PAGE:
Photo credit: Andrew Neel

by Arline L. Bronzaft, Ph.D., Board of Directors, GrowNYC, Co-founder, The Quiet Coalition, and Honorary Chair, Quiet American Skies

NoiseModelling, which was begun as a research tool, has enabled researchers to develop environmental noise maps of urban areas. But as a free tool, it can be used by nonprofessionals to produce noise maps of their communities. This tool will take its place among other tools that have been developed recently that allow residents to better assess the noises that are intruding on their lives and, as a result, adversely affecting their health and well-being.

We now talk about “citizen science” as we describe the techniques that allow individuals to assess the noises around them on their own. Soundprint, founded by Gregory Scott, is an app that allows people to measure the sounds of the restaurant in which they are dining. Individuals can report the sound levels to Soundprint, which reports on which restaurants provide quieter environments that so many people desire.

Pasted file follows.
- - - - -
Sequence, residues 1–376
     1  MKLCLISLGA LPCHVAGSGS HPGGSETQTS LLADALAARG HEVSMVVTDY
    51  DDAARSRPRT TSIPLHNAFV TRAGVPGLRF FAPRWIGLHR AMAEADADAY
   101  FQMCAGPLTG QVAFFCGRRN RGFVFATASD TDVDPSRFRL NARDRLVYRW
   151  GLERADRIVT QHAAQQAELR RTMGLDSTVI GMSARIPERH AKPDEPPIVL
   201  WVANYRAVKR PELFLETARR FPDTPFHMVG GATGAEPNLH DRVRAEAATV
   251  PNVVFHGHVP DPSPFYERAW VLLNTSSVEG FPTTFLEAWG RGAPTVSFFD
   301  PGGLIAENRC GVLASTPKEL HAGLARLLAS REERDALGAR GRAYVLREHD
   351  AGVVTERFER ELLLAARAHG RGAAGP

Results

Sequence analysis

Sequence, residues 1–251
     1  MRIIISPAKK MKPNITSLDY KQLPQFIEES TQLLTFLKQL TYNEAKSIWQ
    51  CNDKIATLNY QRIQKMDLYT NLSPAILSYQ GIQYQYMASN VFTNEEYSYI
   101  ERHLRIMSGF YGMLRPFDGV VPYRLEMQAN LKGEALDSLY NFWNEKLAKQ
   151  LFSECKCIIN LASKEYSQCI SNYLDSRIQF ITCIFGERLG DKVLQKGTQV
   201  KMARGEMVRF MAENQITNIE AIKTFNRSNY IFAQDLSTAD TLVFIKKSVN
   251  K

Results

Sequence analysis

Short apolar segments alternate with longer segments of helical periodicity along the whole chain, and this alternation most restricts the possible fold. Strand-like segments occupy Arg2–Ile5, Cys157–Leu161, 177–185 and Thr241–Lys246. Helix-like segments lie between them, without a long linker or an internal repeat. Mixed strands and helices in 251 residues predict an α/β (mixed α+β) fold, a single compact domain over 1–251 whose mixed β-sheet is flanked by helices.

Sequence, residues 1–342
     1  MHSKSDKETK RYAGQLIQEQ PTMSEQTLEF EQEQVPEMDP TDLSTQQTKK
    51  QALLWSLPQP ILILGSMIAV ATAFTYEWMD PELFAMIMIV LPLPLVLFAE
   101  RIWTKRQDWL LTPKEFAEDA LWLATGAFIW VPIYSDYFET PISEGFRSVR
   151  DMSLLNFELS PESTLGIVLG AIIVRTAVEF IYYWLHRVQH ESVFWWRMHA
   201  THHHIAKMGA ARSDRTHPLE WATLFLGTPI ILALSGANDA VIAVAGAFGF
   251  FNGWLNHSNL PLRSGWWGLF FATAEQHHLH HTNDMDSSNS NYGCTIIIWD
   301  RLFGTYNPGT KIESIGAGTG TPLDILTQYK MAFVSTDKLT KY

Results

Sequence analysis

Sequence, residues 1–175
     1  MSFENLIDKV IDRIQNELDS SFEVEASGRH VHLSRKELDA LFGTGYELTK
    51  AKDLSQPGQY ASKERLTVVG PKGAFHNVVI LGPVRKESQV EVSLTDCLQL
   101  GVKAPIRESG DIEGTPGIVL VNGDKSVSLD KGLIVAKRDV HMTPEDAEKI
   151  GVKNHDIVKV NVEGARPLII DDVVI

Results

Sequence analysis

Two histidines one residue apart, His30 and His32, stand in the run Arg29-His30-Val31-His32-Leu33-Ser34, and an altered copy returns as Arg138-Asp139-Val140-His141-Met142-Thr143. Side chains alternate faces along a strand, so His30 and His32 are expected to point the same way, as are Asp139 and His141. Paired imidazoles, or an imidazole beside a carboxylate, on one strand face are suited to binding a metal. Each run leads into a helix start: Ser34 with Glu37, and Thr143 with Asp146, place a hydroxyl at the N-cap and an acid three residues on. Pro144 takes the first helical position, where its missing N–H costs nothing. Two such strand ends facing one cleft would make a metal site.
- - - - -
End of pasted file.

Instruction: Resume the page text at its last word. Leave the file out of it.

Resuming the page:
Tae Hong Park of Get Noisy has developed sensors that can be placed on windows of people living near airports. These sensors register the time a plane flies over and the sound level of that plane. The data provided by these sensors will provide a more accurate picture of the impact of aircraft noise on residents in contrast to the instruments being used today by the FAA to assess community aircraft noise.

Question: Are our public officials aware of the new technologies that enable citizens to measure the noises around them? Would these public officials provide funding for studies that employ the citizen science methods to measure community noises? Such studies may provide the types of data that could more readily bring about abatements to lessen noise pollution. I would also suggest that community members be involved in the research projects.